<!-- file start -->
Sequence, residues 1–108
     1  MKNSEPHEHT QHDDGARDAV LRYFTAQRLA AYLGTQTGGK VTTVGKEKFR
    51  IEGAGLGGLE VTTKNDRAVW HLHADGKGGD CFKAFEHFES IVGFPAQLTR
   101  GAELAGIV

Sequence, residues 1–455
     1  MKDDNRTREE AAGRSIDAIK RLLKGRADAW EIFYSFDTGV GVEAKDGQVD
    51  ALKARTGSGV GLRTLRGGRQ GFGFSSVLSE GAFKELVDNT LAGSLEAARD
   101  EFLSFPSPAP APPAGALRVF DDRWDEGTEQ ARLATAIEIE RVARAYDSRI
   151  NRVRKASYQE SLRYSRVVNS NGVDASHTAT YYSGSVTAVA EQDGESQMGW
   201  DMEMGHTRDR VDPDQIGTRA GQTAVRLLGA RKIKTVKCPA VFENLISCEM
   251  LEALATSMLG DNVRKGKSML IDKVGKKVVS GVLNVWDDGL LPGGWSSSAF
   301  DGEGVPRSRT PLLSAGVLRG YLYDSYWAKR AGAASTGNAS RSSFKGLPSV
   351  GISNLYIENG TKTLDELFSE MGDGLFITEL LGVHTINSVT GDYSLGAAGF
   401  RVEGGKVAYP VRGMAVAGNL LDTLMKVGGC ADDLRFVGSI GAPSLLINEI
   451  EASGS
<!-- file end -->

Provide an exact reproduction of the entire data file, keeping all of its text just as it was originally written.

Sequence, residues 1–108
     1  MKNSEPHEHT QHDDGARDAV LRYFTAQRLA AYLGTQTGGK VTTVGKEKFR
    51  IEGAGLGGLE VTTKNDRAVW HLHADGKGGD CFKAFEHFES IVGFPAQLTR
   101  GAELAGIV

Sequence, residues 1–455
     1  MKDDNRTREE AAGRSIDAIK RLLKGRADAW EIFYSFDTGV GVEAKDGQVD
    51  ALKARTGSGV GLRTLRGGRQ GFGFSSVLSE GAFKELVDNT LAGSLEAARD
   101  EFLSFPSPAP APPAGALRVF DDRWDEGTEQ ARLATAIEIE RVARAYDSRI
   151  NRVRKASYQE SLRYSRVVNS NGVDASHTAT YYSGSVTAVA EQDGESQMGW
   201  DMEMGHTRDR VDPDQIGTRA GQTAVRLLGA RKIKTVKCPA VFENLISCEM
   251  LEALATSMLG DNVRKGKSML IDKVGKKVVS GVLNVWDDGL LPGGWSSSAF
   301  DGEGVPRSRT PLLSAGVLRG YLYDSYWAKR AGAASTGNAS RSSFKGLPSV
   351  GISNLYIENG TKTLDELFSE MGDGLFITEL LGVHTINSVT GDYSLGAAGF
   401  RVEGGKVAYP VRGMAVAGNL LDTLMKVGGC ADDLRFVGSI GAPSLLINEI
   451  EASGS